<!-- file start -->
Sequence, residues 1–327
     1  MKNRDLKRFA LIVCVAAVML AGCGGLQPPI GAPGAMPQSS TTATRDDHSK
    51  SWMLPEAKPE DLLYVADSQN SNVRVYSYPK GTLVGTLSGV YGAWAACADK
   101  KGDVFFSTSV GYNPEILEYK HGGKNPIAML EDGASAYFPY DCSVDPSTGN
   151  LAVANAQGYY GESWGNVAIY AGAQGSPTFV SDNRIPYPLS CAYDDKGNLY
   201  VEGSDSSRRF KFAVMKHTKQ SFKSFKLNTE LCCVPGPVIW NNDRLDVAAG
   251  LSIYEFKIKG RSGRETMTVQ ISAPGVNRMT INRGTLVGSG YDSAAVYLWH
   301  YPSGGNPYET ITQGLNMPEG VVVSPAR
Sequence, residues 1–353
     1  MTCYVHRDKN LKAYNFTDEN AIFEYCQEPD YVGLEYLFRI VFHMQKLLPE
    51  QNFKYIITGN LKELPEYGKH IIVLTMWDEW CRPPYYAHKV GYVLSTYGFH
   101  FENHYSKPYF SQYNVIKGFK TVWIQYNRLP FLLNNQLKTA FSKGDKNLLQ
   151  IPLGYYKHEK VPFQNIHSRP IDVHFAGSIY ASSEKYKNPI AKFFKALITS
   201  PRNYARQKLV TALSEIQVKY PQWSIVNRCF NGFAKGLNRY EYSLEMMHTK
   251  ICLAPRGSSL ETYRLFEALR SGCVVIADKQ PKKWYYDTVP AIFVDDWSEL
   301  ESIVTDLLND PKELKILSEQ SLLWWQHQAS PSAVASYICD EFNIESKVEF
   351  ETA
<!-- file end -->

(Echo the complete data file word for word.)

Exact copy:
Sequence, residues 1–327
     1  MKNRDLKRFA LIVCVAAVML AGCGGLQPPI GAPGAMPQSS TTATRDDHSK
    51  SWMLPEAKPE DLLYVADSQN SNVRVYSYPK GTLVGTLSGV YGAWAACADK
   101  KGDVFFSTSV GYNPEILEYK HGGKNPIAML EDGASAYFPY DCSVDPSTGN
   151  LAVANAQGYY GESWGNVAIY AGAQGSPTFV SDNRIPYPLS CAYDDKGNLY
   201  VEGSDSSRRF KFAVMKHTKQ SFKSFKLNTE LCCVPGPVIW NNDRLDVAAG
   251  LSIYEFKIKG RSGRETMTVQ ISAPGVNRMT INRGTLVGSG YDSAAVYLWH
   301  YPSGGNPYET ITQGLNMPEG VVVSPAR
Sequence, residues 1–353
     1  MTCYVHRDKN LKAYNFTDEN AIFEYCQEPD YVGLEYLFRI VFHMQKLLPE
    51  QNFKYIITGN LKELPEYGKH IIVLTMWDEW CRPPYYAHKV GYVLSTYGFH
   101  FENHYSKPYF SQYNVIKGFK TVWIQYNRLP FLLNNQLKTA FSKGDKNLLQ
   151  IPLGYYKHEK VPFQNIHSRP IDVHFAGSIY ASSEKYKNPI AKFFKALITS
   201  PRNYARQKLV TALSEIQVKY PQWSIVNRCF NGFAKGLNRY EYSLEMMHTK
   251  ICLAPRGSSL ETYRLFEALR SGCVVIADKQ PKKWYYDTVP AIFVDDWSEL
   301  ESIVTDLLND PKELKILSEQ SLLWWQHQAS PSAVASYICD EFNIESKVEF
   351  ETA